For centuries, the fortunes of the Netherlands, the wind-swept country carved out of North Sea wetlands, have relied on preserving the peace with its global trading partners. Last week’s downing of an airliner carrying 193 Dutch nationals is testing one of its most important relationships, involving companies from Royal Dutch Shell Plc to Heineken NV.
The Netherlands was Russia’s third-biggest trading partner last year, data compiled by Bloomberg show. The Dutch, home to the busiest container port in Europe and the region’s biggest energy company, send dairy products, meat and machinery to Russia, which the U.S. says is complicit in the attack.
“We’ve passed a turning point,” said Jan Melissen, a senior research fellow at Clingendael, the Netherlands Institute of International Relations. “Even for a trading nation, this is the point when you have to consider whether economic interests are outweighed by principles and values.”
While Malaysian Air Flight 17 was likely caught in military crossfire by a missile rather than a chosen target, it represents the gravest act of violence against Dutch civilians since World War II. The country will observe a national day of mourning today, the first called by the Dutch government since Queen Wilhemina died in 1962.
The European Union will consider restricting Russia’s access to capital markets and sensitive technologies unless President Vladimir Putin expedites an investigation of the downing of the plane, three officials said yesterday after a meeting of the region’s foreign ministers.
Unlike the U.S., the world’s biggest economy, the Netherlands has always had to be pragmatic when choosing trading partners. Since the founding of the Dutch East India Company, which carried spices from Indonesia back to the canals of Amsterdam, the Dutch set themselves apart from their European neighbors by focusing on financial interests.
For a country smaller than West Virginia, the Netherlands has major trading relations with Russia. From 2011 to 2013, Dutch imports from Russia jumped 20 percent.
Dutch companies including the Port of Rotterdam, Shell and Heineken have a significant eastern exposure. The Port counts on Russia for 15 percent of all its throughput, while Heineken is a major brewer in the country.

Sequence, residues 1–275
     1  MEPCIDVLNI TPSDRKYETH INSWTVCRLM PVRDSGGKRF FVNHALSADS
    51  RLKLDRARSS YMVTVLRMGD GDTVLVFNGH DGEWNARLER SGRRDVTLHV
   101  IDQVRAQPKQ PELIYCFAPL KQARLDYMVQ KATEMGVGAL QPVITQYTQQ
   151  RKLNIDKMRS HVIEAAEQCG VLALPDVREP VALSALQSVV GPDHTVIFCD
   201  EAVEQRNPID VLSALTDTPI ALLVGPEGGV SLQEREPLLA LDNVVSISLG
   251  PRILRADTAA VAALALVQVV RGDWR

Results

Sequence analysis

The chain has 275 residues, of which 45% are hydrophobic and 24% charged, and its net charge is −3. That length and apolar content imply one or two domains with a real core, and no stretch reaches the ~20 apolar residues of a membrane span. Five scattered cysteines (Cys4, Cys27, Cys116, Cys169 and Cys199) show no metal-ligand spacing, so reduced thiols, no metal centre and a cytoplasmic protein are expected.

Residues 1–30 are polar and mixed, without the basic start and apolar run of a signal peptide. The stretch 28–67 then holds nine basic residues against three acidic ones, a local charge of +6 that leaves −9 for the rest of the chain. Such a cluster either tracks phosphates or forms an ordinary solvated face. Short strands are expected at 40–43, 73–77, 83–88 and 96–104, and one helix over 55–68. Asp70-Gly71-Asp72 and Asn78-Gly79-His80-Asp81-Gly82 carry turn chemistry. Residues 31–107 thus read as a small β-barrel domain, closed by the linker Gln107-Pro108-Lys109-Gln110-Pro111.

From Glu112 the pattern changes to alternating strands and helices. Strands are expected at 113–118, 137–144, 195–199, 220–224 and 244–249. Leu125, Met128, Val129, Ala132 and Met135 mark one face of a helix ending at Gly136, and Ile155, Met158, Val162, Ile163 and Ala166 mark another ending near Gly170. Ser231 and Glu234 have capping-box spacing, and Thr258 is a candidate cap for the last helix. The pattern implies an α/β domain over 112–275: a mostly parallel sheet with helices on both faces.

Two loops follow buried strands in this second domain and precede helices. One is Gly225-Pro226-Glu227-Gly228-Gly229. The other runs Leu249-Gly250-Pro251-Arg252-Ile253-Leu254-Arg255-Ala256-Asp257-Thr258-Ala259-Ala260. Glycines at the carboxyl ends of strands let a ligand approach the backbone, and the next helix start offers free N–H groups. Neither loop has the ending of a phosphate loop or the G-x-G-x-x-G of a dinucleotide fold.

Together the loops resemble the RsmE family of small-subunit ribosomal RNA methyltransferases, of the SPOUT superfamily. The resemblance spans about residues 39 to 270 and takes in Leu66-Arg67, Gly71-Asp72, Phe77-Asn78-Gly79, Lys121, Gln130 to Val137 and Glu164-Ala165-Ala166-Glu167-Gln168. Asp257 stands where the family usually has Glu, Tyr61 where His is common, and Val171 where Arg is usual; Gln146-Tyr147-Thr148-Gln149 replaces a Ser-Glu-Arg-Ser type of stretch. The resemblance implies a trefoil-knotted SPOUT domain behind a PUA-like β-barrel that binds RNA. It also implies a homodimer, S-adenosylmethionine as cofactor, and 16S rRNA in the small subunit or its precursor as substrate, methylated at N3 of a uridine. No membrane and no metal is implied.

Shell, which Deutsche Bank AG estimates has about $6.7 billion of oil and gas producing assets in Russia, is exploring for shale gas and plans to expand its Sakhalin-2 project there. Shell said yesterday that it “monitors trade controls and sanctions closely and responds appropriately to ensure that we comply with all applicable international sanctions and related measures.”
At one point the largest foreign investor in Russia, Shell declined to comment on whether its business would be affected after the downing of the plane. The company lost four employees in the incident, it said yesterday.
“The demand is there and the Shell CEO has visited Russia more than any other nation since he took office to make the Sakhalin-2 expansion a reality,” said Bertrand Hodee, an analyst at Raymond James in Paris.
Royal Philips NV has been selling in Russia since 1898, when Anton Philips got his first order for 50,000 light bulbs. The company, which lost two employees in the crash, called the incident “unacceptable,” while saying governments should lead the investigation.
Russia, where the company employs 1,000 people, accounted for 3 percent of Philips’ business last year. Paintmaker Akzo Nobel NV produces coil coatings in the Russian city of Lipetsk. The company supports the Dutch government, Akzo Chief Executive Officer Ton Buechner said on a conference call today.
Ties between Russia and the Netherlands that stretch back to Tsar Peter the Great were the subject of a yearlong celebration in 2013. Even months after unrest between Russia and Ukraine had erupted, Dutch Foreign Minister Frans Timmermans stressed that relations between the countries were of great importance, suggesting that energy trade between Europe and Russia could help solve the crisis.
Timmermans changed his message after the crash last week.
For the Netherlands, “all options are on the table as it is clear that things have changed since Thursday,” the minister said at a meeting in Brussels. “This is no longer about economy and trade only, but about security.”
The first area likely to be affected by the crisis may be new investment by Dutch companies in Russia, according to Marcel Stoeten, the secretary of the Netherlands-Russia center in Groningen, which was created to promote and support contacts between companies and governments of Russia and the Netherlands.
“I expect companies that were planning to do business in Russia will be hesitant at this point to pursue that, even without sanctions,” Stoeten said.
Another area that may come increasingly under fire is the Dutch practice of marketing itself as a tax haven to Russia.
Russia’s biggest oil, gas, mining and retail companies -- including some run by billionaires close to Putin -- have moved tens of billions of dollars in corporate assets to the Netherlands and other European countries. The firms include OAO Rosneft, OAO Gazprom, OAO Lukoil and Gunvor Group Ltd., a Geneva-based company that was co-founded by a Putin associate now under U.S. sanctions.
“We have always been against those tax haven constructions,” said Bram van Ojik, the leader of the GreenLeft opposition party. “This is a litmus test on how serious we are about sanctions as they can hurt us as well. We need to be prepared to shoot ourselves in the foot.”
To contact the editors responsible for this story: Jacqueline Simmons at firstname.lastname@example.org Benedikt Kammel, David Rocks